Login | April 26, 2018

Beloved Cuyahoga Falls tax attorney remembered

Legal News Reporter

Published: April 12, 2017

He spent the early part of his career working for the Internal Revenue Service, but family and colleagues say John A. Nehrer’s true calling was the law.

In fact Nehrer enjoyed practicing so much that he refused to retire until he was in his late ‘80s.

The longtime Cuyahoga Falls tax and estate planning attorney passed away on March 14. He was 90.

“My father loved working with people and finding solutions to their problems,” said his daughter attorney Lori Nehrer. “For many years, his office was right next to mine.

“He worked very hard to become a lawyer and he never wanted to retire. He did not go on inactive status until he was 88.”

Sole practitioner James Chapman described Nehrer as a “‘lawyer’s lawyer.’

“John thoroughly enjoyed what he was doing and he did it well. He and I took the bar exam together 51 years ago.

“We shared office space and I referred clients to him over the years. Every client I sent him left satisfied.”

Born on June 12, 1926 in Parma, Ohio to Elizabeth and Joseph Nehrer, he was the youngest of their three children.

“My grandmother was an immigrant,” said Lori. “My dad came from very humble beginnings and he worked hard to make a life for himself.”
After graduating from Parma High School, Nehrer enlisted in the U.S. Navy, serving during World War II.

When he returned, he enrolled at Kent State University, securing a bachelor’s degree in accounting.

It was during his time at Kent State that he met his wife Harriet. The two got married in 1951 and moved to Silver Lake in the 1970s. They had three children. His wife passed away in 2006.

Shortly after graduating college, Nehrer got a job in the Youngstown office of the Internal Revenue Service, working during the day and attending The University of Akron School of Law at night.

He passed the bar exam at age 40 and opened his own practice.

“My father was a sole practitioner most of his career, but he shared office space with other attorneys in Cuyahoga Falls and Akron,” said Lori.

Retired attorney Bob McDowall was among those who shared workspace with Nehrer.

“John was a very ethical attorney and he had a solid finance background,” said McDowall. “Over the years, we sometimes were on the opposite sides of cases.

“He was fair and thorough and opposing counsel needed to be prepared,” he said. “We often ate lunch together as friends.”

Since the mid-1980s Nehrer’s office was located at 111 Stow Ave. in Cuyahoga Falls, and until recently, he shared office space with his daughter’s firm Nehrer & Kassinger.

“I now practice with my husband, but from 1985 until 1995 my dad and I had our own firm Nehrer & Nehrer,” she said.

“My father mentored a number of younger attorneys, including myself,” said Lori. “He was very personable and an ‘old school’ gentleman.

“Growing up he always made it clear to me and my siblings that there was never any limit as to what we could achieve. He supported anything we wanted to do.”

Wadsworth attorney Julia Cain said Nehrer was one of her go-to attorneys when she had a question about probate or estate planning matters.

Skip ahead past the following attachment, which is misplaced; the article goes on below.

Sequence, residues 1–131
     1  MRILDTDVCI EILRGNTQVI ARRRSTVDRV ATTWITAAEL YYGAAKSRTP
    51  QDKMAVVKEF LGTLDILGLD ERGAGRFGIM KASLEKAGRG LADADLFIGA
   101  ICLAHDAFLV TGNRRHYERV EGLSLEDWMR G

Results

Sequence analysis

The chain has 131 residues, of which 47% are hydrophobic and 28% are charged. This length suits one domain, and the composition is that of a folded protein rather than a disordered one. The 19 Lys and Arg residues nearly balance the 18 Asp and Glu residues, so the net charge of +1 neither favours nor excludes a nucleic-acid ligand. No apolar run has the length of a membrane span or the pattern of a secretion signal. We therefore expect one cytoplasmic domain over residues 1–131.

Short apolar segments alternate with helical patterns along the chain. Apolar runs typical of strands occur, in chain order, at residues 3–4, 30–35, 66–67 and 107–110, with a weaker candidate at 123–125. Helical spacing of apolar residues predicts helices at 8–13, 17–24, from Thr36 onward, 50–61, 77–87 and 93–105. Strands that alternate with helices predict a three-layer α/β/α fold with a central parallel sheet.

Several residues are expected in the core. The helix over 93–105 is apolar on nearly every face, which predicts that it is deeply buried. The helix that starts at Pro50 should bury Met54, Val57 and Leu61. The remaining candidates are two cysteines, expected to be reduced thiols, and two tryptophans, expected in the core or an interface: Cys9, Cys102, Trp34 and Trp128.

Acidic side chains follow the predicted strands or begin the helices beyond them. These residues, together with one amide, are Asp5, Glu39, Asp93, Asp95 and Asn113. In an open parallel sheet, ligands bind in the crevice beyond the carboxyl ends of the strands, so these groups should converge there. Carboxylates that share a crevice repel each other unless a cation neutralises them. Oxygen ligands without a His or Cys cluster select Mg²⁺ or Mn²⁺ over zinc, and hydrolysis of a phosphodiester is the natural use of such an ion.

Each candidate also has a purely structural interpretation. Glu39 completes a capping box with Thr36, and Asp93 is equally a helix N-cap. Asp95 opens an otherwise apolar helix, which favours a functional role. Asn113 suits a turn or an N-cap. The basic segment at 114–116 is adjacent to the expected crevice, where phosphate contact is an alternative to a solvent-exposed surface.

“I met him many years ago through his daughter Lori,” said Cain. “He and I did some of the same work. I had a lot of respect for him and I would refer clients to him if they had tax issues.

“He was very professional and kind. He would go out of his way for you. I remember that he was a dapper dresser. He remained vital and sharp until his last days.”

Michael Malyuk, an attorney in The Law Office of Michael A. Malyuk, described Nehrer as a “scholar and a gentleman.

“Over the years, I have had contact with John,” said Malyuk. “I now sit in an office building that once housed him and other fine attorneys here in Cuyahoga Falls. 

“I will remember him as a tall, quiet, steady and effective attorney.”

A longtime member of the Akron and Ohio State bar associations, Nehrer spent a lot of his free time on the golf course.

“John loved to golf,” said Chapman. “He was a member of the Silver Lake Country Club and he would go golfing three or four times a week.

“Over the years, John and I became good friends. He thoroughly enjoyed life, loved to have a good time and loved good food. In the 1980s and 1990s, we would often go to Nick Anthe’s restaurant.

“I remember that in addition to Italian dressing on his salad, John would always pay more to have crumbled blue cheese added on top.

“He also loved to travel. He and Harriet visited more countries than I can remember.”

His daughter said he also enjoyed spending time with his 10 grandchildren.

A private memorial was held on March 18 to pay tribute to Nehrer’s life.

“I will remember John as the man who always had a smile on his face and a great sense of humor,” said Chapman.

Nehrer is survived by his son, John Nehrer Jr.; daughter, Lori Nehrer and her husband, John Kassinger; son-in-law, Bryan E. Wilson; grandchildren, Zoe and John Nehrer, Lauren (Greg) Thorson, Robert, Jenna and Marissa Kassinger, Rachel, Erin, Bryan A. and Jay Wilson and loving companion Hellena Villemain.

He was preceded in death by his wife, Harriet, and daughter, Joy Wilson.

This summer Nehrer’s ashes will be spread in the rose garden of Unity Village in Kansas City, Missouri, the same place where his wife and daughter’s ashes are located.